TAMPA BAY (Bottom of the Fourth) - It's time again for a visit from Bottom of the Fourth's resident statistician, Professor Sam Fuld. Dr. Fuld first graced us with his presence when he explained sample-size issues in an earlier article. Today he'll be delving into WAR, one of the most widely-used statistics on the sabermetric landscape today. Take it away, professor!
Greetings, statheads and statheadettes! I'm very pleased to be here to explain the fascinating statistic WAR. It's confusing, I know. Don't worry. I went to Stanford. Let's dive in.
WAR is a stat that measures the overall "goodity" of a player, in the same way that how many friends you have on Facebook measures your "coolity".
WAR for a position player has three components: batting, base-running and fielding. If a player is "good" at batting, they receive 1 point for batting. If they are "not good" or even "bad" at fielding, they receive 0 points for batting. The same system is used for both base-running and fielding. Thus the maximum score is 3 points for a player who is "good" at batting, base-running and fielding. The other possible scores are 2, 1, and 0.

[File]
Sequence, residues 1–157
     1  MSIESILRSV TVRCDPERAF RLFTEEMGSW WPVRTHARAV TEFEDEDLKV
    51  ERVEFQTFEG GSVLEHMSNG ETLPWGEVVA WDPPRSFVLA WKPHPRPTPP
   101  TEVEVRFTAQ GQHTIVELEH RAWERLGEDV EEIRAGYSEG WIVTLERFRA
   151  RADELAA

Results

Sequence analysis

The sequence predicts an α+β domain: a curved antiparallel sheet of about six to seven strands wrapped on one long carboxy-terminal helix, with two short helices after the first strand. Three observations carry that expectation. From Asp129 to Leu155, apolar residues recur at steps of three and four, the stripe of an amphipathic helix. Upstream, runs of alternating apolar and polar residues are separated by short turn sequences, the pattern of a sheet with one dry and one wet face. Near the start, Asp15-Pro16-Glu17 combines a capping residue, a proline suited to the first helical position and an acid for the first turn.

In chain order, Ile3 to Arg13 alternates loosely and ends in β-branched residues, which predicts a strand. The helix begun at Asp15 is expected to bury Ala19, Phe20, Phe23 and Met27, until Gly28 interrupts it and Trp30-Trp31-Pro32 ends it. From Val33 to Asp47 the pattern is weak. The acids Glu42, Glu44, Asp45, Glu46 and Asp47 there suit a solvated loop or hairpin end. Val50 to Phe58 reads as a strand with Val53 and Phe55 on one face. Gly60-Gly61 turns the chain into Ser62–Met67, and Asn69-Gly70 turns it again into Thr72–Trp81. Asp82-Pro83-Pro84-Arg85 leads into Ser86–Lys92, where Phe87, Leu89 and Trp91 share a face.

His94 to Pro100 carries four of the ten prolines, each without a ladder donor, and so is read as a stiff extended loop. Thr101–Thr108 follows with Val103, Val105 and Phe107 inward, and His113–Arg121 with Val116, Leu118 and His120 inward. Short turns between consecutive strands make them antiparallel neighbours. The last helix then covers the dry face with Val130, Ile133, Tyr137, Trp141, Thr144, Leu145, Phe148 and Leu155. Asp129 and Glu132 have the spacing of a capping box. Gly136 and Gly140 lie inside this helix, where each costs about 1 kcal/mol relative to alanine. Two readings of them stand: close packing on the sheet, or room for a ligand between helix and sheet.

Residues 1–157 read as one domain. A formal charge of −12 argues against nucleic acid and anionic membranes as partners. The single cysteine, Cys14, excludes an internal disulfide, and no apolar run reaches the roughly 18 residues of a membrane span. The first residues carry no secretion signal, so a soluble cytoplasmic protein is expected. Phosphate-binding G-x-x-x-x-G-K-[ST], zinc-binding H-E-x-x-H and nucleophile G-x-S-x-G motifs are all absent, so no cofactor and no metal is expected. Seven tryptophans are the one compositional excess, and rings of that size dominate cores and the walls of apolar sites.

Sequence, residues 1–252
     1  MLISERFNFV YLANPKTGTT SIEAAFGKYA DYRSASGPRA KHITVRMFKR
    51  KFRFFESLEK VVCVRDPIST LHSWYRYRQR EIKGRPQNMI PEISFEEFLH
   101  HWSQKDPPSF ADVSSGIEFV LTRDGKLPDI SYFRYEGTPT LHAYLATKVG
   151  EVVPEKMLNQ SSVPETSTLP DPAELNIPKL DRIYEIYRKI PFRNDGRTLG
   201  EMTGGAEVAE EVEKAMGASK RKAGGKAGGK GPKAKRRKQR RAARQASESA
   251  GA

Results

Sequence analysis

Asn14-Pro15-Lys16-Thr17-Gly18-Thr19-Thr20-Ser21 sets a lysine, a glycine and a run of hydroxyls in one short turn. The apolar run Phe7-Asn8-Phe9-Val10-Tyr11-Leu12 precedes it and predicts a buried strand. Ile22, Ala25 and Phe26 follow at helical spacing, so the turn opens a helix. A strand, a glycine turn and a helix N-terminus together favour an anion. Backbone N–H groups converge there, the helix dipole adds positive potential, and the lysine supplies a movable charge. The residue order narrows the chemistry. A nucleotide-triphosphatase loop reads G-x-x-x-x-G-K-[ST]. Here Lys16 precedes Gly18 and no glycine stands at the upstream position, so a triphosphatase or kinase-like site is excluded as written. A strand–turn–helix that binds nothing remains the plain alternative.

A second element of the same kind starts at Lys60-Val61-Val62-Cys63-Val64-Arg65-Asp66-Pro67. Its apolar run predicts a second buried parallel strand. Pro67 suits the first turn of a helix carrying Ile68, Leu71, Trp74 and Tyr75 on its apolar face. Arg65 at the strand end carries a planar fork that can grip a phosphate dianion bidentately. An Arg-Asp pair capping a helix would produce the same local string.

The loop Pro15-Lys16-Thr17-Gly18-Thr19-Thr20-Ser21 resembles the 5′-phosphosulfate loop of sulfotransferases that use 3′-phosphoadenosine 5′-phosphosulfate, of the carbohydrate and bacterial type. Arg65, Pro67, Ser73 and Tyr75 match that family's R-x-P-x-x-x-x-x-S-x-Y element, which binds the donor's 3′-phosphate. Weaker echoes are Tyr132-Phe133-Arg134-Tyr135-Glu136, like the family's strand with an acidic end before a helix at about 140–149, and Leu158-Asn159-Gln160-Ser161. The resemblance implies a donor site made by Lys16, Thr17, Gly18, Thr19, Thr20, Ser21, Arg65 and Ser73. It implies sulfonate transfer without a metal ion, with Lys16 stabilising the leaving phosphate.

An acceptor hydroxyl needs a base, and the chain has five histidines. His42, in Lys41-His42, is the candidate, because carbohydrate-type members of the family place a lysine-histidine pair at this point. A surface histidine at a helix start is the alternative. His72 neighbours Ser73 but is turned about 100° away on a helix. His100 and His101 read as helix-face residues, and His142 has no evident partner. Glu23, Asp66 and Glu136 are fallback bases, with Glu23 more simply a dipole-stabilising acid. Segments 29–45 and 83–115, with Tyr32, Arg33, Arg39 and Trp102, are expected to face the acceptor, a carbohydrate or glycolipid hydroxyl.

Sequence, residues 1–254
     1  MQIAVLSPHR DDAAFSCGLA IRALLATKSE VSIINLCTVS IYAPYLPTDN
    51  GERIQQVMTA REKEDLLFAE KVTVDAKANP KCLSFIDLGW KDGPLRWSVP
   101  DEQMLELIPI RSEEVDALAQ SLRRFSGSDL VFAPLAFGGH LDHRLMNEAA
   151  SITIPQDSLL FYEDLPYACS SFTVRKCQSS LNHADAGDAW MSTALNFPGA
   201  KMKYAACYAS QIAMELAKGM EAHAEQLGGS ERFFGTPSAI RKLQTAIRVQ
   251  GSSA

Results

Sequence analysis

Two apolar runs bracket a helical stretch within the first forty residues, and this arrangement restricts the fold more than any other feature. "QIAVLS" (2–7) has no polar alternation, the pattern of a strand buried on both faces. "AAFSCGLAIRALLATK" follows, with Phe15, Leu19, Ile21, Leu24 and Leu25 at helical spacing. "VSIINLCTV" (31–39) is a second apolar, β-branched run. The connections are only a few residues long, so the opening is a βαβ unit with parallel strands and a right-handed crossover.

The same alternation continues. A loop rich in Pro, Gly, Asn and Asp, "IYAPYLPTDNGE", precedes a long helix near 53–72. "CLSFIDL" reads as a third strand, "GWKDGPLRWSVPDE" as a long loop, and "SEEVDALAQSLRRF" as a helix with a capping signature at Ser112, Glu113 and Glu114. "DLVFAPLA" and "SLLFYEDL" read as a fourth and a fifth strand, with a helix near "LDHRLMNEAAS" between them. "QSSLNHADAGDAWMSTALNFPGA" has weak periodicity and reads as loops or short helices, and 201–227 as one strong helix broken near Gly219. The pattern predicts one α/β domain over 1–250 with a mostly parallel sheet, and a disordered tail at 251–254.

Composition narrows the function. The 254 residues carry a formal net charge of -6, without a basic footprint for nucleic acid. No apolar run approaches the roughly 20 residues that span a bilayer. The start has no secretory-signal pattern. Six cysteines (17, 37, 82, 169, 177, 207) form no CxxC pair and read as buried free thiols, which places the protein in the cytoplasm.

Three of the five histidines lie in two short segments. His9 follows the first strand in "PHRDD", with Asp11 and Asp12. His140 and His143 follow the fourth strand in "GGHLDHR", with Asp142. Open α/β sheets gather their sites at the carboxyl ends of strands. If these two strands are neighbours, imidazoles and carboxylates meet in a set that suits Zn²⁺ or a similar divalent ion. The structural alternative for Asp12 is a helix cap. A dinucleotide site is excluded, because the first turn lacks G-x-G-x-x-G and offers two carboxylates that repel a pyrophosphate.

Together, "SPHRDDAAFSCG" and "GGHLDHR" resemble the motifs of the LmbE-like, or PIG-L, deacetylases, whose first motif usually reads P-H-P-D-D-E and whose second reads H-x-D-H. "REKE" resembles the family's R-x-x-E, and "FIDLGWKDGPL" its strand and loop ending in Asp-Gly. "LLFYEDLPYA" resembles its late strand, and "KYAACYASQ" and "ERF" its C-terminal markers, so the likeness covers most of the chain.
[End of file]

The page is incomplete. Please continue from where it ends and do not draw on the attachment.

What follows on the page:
For example, Ryan Roberts of the Diamondbacks is one of the top players by WAR, because he is "good" at all three categories. He is one of the few 3-WAR players. Albert Pujols is an example of a 2-WAR player because he is "good" at batting and fielding, Ryan Howard is a 1-WAR player (batting) and Vladimir Guerrero is a 0-WAR player (bad at all three).
WAR is a useful statistic because it separates the "very good" players, the "good", the "bad" and the "very bad". That's as separated as it gets, though. As previously mentioned, there are only four groups (3, 2, 1 and 0). To rank players more precisely would require more computing power than is currently possible. However, we here at Fuld Labs are working on the problem and expect a solution within the next 10-20 years.
Bottom of the Fourth would like to thank Dr. Fuld for his detailed and enlightening explanation of WAR.